Militant group Islamic State in Iraq and Syria (ISIS) militants are reported to have publicly killed 13 teenage boys.
Watching a football match.
The young fans were reportedly watching an Asian Cup match between Iraq and Jordan on TV last week when the militants in the Iraqi city of Mosul, which ISIS controls, arrested them.
The boys were killed because they were said to be violating "religious law" by watching the game, reported NY Post.
The teenagers were later executed in public by a firing squad that used machine guns, according to Raqqa Is Being Slaughtered Silently (RIBSS), an activist group that exposes ISIS atrocities.
Before their execution, their "crime" was announced over a loudspeaker, reports said.
PARENTS COULDN'T CLAIM BODIES
RIBSS posted on its website that "the bodies remained lying in the open and their parents were unable to withdraw them for fear of murder by the terrorist organisation".
Iraq beat Jordan 1-0 in the Jan 12 match, which took place in Brisbane, Australia.
The news of this execution comes days after ISIS released a gruesome video showing two men being flung off a tower in Mosul.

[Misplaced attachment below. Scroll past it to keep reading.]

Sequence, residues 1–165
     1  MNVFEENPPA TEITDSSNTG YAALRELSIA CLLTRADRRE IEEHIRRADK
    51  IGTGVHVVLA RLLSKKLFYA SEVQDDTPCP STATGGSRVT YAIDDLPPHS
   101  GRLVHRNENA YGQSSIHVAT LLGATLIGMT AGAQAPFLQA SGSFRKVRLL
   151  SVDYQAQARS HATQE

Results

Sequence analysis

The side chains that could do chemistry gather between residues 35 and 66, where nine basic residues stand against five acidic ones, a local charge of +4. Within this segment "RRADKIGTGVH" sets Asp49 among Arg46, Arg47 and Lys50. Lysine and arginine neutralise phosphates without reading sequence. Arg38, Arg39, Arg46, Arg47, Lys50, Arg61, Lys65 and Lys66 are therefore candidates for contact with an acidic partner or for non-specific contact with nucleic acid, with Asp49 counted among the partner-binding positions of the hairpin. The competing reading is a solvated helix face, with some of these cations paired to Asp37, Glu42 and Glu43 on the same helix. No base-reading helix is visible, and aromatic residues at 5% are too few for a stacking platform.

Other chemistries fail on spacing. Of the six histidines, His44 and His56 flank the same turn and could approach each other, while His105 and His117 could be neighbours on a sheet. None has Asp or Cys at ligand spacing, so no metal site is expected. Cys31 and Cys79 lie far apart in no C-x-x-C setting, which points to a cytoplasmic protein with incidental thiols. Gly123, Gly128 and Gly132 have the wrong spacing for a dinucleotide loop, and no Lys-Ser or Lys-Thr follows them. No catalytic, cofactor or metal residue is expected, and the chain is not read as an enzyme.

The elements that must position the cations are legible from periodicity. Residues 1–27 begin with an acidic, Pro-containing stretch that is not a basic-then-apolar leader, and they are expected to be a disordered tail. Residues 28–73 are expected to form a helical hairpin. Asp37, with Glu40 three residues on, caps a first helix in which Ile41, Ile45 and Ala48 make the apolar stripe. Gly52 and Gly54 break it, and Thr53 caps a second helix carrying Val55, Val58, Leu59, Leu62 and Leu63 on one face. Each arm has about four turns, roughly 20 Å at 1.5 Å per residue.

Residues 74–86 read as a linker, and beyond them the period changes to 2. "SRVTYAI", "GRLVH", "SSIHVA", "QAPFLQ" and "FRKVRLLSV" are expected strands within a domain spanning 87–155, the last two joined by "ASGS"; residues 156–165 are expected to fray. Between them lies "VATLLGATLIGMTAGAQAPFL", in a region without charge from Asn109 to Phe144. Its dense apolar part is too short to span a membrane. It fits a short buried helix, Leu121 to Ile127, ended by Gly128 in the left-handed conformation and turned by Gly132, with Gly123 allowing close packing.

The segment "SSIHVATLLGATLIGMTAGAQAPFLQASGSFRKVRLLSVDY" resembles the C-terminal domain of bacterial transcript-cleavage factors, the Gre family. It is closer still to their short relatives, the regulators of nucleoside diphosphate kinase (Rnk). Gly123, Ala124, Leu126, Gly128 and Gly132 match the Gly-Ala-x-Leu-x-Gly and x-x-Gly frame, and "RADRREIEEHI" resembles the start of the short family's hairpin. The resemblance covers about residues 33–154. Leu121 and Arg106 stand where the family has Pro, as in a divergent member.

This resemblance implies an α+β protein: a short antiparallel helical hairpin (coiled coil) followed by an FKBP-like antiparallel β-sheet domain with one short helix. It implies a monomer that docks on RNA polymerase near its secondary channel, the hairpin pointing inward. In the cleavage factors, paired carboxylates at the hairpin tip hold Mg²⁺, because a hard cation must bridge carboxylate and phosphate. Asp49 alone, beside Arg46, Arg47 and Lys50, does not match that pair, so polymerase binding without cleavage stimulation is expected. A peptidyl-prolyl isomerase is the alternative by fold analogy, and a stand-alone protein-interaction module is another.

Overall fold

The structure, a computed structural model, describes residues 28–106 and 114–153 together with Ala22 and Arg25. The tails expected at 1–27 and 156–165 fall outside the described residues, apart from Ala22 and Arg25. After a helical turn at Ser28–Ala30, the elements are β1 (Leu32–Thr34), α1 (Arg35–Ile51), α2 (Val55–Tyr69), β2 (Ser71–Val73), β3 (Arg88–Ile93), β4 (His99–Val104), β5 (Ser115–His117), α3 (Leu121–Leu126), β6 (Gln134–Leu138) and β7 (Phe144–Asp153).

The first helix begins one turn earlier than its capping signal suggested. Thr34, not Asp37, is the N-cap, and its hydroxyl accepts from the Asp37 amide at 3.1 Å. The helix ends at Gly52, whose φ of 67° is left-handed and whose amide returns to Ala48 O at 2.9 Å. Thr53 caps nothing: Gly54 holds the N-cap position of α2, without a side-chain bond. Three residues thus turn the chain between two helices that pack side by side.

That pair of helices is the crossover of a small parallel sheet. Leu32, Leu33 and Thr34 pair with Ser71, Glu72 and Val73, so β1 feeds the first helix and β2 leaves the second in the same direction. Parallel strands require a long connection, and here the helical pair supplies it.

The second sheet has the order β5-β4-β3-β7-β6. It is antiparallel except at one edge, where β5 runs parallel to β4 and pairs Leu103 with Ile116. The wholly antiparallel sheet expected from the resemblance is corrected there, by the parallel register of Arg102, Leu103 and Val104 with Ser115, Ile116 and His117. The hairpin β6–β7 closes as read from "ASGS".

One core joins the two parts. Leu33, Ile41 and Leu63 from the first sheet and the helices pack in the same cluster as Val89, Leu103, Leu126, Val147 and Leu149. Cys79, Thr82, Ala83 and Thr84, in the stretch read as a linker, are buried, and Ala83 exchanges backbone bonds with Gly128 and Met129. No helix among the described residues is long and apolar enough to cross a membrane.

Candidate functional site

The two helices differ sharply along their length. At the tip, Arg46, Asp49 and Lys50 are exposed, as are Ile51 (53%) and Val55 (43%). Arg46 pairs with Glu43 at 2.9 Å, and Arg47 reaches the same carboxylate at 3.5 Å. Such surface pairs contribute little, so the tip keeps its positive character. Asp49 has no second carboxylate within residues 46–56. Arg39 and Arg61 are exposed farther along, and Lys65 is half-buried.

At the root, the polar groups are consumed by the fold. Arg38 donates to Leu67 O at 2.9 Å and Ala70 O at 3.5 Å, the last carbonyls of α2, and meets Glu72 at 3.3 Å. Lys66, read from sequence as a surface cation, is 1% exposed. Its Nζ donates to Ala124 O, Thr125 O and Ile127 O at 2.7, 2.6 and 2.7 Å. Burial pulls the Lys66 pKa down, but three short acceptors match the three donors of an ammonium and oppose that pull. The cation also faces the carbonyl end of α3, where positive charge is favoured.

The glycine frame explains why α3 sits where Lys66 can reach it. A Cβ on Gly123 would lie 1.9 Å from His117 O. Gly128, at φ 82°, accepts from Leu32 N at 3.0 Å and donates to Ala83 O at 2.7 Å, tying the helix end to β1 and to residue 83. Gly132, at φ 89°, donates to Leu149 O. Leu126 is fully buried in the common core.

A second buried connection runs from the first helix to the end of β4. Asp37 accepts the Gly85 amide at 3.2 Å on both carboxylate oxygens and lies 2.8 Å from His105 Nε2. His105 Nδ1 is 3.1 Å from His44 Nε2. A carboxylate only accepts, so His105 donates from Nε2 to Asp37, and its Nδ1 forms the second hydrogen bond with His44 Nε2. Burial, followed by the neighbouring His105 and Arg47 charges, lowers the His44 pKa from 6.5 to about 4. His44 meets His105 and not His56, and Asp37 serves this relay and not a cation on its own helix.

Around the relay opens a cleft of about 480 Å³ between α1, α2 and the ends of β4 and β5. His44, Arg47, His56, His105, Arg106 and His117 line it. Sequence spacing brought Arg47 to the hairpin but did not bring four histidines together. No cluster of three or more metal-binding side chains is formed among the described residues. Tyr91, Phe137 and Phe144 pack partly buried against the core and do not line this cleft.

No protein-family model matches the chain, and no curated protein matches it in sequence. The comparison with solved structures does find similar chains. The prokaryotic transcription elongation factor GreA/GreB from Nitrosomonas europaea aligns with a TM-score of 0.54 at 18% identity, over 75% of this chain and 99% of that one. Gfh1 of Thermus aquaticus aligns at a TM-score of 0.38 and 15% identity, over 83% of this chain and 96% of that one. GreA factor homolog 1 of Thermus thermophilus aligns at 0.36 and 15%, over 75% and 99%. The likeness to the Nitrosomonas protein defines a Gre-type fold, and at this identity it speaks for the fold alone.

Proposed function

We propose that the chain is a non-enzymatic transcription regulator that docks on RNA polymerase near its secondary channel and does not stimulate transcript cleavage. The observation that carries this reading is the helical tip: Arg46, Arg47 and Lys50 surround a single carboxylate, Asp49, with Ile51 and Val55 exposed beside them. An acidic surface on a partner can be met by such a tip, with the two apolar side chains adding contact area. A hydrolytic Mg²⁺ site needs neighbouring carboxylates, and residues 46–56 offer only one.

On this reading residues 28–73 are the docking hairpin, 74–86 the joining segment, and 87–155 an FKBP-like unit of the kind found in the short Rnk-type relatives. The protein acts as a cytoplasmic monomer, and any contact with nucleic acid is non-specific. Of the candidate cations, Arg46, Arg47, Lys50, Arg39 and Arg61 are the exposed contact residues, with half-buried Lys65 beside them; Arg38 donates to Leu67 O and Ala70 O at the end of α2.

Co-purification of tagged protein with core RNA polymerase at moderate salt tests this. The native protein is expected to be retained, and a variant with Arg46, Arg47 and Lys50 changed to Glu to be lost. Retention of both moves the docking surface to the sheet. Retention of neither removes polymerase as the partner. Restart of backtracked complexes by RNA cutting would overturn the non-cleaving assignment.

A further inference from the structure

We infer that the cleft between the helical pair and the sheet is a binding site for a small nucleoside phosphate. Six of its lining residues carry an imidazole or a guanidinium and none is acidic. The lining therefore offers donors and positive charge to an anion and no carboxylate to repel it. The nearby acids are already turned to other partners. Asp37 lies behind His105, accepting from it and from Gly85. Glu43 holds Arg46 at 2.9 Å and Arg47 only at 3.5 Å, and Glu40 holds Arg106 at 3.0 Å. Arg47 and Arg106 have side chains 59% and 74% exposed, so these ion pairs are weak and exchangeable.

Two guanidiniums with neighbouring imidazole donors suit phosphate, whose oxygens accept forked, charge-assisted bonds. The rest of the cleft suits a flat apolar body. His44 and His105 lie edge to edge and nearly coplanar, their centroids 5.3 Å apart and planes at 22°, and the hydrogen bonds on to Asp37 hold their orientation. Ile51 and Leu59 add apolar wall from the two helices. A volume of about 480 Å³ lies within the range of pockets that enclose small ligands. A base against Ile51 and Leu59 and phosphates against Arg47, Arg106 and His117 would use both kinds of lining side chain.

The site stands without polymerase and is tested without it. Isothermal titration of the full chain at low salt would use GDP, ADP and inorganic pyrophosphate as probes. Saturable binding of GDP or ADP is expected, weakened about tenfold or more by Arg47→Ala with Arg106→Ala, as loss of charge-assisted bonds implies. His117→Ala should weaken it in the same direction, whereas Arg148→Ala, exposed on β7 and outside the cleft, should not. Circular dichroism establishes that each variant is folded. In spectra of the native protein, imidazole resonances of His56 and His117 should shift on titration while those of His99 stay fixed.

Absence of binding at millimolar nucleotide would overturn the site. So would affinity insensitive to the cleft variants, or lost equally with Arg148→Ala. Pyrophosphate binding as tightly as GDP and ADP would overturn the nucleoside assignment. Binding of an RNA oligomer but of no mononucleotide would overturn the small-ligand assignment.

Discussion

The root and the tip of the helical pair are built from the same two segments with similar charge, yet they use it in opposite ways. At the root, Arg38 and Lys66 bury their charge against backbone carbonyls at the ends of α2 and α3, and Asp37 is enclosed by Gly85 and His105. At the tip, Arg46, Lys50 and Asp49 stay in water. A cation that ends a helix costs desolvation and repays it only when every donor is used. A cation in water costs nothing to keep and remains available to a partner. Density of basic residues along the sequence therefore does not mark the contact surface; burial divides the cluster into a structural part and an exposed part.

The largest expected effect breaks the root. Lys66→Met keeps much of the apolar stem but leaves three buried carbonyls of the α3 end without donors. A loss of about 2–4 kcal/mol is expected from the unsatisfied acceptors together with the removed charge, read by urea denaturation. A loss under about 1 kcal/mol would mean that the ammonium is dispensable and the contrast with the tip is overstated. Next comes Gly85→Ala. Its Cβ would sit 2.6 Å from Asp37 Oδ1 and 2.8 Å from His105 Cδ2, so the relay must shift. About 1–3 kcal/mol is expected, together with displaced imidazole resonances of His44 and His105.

Just before the execution, a masked fighter, using a hand-held radio, announced to a crowd of onlookers that the condemned duo had been found guilty of engaging in homosexual activities.
Separately, Japanese Prime Minister Shinzo Abe admitted yesterday that it was a "race against time" to free two hostages snatched by Islamist militants who are demanding US$200 million (S$270 million) for their lives.
A defiant Mr Abe said he would not bow to "terrorism" as he took charge of the crisis that Japan was thrust into with the release of a chilling video apparently showing two Japanese men kneeling in the desert of Syria or Iraq, AFP reported.
He told reporters: "I have ordered the government to use all diplomatic channels and routes possible... to ensure the release of the two people."
Mr Abe, who rushed home from a tour of the Middle East, said he had sought help from Palestinian leader Mahmoud Abbas, as well as from Egyptian president Abdel Fattah el-Sisi, Jordan's King Abdullah and Turkish president Recep Tayyip Erdogan.
This article was first published on Jan 22, 2015.
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